There are two in-country Belize airlines. Basically, you can mostly only fly north and south in Belize, not many flights go east and west, so look at a Belize map to see if there are flights to where you plan to go. There are daily flights between Belize International Airport, Belize Municipal Airport, Dangriga, Placencia, Big Creek, Punta Gorda, Corozol, Caye Caulker, Caye Chapel, Ambergris Caye, Flores, Guatemala, and Cancun, Mexico. One sample rate: Belize International Airport to Dangriga: one way: $68. Consult these websites for other prices and schedules.
Maya-Island Air www.mayaregional.com
Belize phone: 011-501-223-1140, USA phone: 1-800-225-6732, Email: email@example.com
Tropic Air www.tropicair.com
Belize phone: 011-501-226-2012, USA phone: 1-800-422-3435, Email: firstname.lastname@example.org
Buses are often the best way to go, and they are inexpensive. Bus prices and schedules change too often to include here, and Belize bus websites, if they have them at all, are not up-to-date…. but remember, this is a country where most of its citizens depend on bus service. There are at least eight bus companies in the country. You need to be aware that buses don’t run as often on Saturday or Sunday; for example, a route which has hourly service during the week may only have two choices on Sunday. The staff at your hotel will be familiar with buses in their area. Basically ANY local will know all the bus schedules to and from their town.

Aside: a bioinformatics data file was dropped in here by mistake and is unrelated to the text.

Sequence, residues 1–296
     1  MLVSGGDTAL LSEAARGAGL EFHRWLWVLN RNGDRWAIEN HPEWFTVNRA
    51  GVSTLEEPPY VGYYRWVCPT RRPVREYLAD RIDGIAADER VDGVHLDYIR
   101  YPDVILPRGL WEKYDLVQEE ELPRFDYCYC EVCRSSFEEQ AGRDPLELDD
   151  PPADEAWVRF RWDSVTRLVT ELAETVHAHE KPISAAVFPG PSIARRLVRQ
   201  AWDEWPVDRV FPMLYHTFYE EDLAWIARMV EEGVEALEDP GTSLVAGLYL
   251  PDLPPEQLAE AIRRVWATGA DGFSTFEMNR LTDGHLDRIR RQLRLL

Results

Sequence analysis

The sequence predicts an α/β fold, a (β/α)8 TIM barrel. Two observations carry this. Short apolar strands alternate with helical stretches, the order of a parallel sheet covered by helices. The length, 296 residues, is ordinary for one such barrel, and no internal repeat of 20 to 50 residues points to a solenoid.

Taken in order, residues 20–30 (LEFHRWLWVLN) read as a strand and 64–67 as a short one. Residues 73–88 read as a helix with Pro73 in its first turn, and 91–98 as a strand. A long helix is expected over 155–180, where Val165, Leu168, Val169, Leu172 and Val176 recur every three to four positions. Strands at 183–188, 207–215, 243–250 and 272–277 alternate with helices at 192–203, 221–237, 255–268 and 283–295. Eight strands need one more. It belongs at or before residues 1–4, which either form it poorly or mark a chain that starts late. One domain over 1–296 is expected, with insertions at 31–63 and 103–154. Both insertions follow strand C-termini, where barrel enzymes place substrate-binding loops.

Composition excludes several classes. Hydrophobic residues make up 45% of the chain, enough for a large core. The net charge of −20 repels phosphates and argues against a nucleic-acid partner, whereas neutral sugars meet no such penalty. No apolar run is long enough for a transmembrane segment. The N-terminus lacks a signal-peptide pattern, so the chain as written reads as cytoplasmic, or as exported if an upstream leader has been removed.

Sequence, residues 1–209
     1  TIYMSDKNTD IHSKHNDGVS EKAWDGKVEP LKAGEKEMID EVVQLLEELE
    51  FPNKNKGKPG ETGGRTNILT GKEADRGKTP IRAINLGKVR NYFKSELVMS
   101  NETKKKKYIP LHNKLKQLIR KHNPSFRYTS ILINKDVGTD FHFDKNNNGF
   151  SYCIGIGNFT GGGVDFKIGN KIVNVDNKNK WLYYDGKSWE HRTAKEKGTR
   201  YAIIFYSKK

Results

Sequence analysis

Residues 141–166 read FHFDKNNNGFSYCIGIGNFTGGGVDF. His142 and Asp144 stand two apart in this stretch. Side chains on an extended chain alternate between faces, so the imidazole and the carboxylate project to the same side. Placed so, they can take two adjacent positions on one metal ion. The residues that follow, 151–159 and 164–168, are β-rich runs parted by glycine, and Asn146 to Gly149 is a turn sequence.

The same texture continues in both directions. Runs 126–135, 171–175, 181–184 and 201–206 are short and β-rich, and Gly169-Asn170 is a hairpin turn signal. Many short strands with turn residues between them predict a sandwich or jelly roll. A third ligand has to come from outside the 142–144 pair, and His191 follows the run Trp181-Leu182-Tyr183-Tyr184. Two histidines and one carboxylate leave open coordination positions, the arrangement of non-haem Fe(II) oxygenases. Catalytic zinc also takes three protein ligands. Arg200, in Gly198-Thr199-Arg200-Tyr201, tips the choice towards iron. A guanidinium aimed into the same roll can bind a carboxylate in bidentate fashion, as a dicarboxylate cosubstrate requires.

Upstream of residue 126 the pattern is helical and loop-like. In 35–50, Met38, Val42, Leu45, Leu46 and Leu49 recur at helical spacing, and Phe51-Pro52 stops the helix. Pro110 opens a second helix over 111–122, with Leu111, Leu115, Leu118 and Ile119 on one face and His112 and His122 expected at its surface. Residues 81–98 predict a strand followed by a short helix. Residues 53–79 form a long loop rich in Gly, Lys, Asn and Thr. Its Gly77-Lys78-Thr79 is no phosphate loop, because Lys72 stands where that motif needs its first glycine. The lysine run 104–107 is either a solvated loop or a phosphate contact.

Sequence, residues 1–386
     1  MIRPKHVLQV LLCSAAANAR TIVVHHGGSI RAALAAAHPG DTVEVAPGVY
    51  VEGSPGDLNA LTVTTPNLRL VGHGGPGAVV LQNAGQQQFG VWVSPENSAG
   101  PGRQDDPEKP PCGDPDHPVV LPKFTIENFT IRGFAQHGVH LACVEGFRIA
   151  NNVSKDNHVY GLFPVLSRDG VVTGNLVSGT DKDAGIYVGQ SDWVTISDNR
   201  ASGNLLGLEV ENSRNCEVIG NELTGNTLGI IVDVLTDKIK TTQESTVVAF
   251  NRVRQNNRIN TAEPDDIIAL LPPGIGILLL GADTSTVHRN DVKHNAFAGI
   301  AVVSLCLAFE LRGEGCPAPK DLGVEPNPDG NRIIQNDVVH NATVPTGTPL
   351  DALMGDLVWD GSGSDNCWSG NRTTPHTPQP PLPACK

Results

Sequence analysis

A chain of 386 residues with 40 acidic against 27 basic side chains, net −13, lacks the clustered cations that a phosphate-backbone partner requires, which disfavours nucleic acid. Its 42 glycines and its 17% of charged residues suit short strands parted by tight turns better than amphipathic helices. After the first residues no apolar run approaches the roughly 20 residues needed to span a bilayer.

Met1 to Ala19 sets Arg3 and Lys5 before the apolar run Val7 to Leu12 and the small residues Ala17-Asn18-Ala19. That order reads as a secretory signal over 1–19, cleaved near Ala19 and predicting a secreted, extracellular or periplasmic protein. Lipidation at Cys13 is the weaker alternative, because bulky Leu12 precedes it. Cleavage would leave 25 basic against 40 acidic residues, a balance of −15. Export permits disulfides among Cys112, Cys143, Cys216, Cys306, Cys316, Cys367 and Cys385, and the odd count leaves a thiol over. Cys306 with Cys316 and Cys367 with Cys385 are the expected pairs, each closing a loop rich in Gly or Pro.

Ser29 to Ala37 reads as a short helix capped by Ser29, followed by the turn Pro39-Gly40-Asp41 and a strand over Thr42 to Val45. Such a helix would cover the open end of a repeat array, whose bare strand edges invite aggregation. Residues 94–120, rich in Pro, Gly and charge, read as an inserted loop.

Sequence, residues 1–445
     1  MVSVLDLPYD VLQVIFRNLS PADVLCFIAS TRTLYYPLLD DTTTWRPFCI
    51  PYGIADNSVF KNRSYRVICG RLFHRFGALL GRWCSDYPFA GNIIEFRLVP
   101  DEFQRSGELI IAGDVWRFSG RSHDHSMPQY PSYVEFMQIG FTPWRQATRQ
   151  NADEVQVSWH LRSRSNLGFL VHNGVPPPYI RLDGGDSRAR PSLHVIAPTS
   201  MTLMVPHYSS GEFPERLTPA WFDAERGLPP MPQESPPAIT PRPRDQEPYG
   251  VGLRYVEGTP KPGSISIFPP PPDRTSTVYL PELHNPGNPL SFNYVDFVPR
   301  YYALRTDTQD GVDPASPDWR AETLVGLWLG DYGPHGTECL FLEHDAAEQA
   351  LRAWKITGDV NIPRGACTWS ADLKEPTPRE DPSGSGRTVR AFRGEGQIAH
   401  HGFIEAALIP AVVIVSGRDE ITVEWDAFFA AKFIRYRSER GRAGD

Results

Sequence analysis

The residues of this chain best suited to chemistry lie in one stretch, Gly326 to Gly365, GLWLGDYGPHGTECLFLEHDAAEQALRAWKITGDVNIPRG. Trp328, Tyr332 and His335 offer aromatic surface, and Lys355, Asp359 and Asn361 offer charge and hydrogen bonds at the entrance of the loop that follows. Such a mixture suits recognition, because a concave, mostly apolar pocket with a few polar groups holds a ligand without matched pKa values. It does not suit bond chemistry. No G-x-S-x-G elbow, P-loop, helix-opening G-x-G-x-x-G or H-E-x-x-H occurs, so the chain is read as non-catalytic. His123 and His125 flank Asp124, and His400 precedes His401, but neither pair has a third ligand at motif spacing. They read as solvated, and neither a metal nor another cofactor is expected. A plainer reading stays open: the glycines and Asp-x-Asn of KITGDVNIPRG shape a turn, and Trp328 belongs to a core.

Taxis are available everywhere, are more expensive than the bus, but make a lot of sense under certain circumstances. If you are traveling with a group of four, taxis are a great deal. Some cab drivers also act as an impromptu guide, hoping for a tip.
Belize cabs have green license plates, usually that is the only way to spot them. When you arrive at Belize International Airport, look at the wall when you are going through customs. The current rate into Belize City from the airport (set by the government) is posted there. Cab drivers at Belize International are sometimes guilty of over-charging (currently $35 U.S. per cab, but prices are in flux due to rising gasoline costs). Always remember to settle the price before you get into a cab, and establish that you are talking Belize dollars, not US dollars.
One thing that is amazing about Belize cab drivers: if you hire a Belize City cab to take you to San Ignacio, for example (probably about $125 US), the most striking thing will be that the cab driver seems to know everyone in the country. You will see him waving at many people all along the way. Belize is tiny, the whole country only has about 300,000 people. He’s not faking it, he really does know all of those people, even in entirely different towns than where he lives. He’s probably related to most of them too!
In a nutshell, when planning a Belize vacation, first decide what you want to do, and where you wish to stay, and for how long, and book your lodging or tour first (or put it on hold). Then get your international air ticket, then contact the lodge where you are staying to ask them the best way to get there. They, more than anyone else, will know the best and most economical way to get to their place.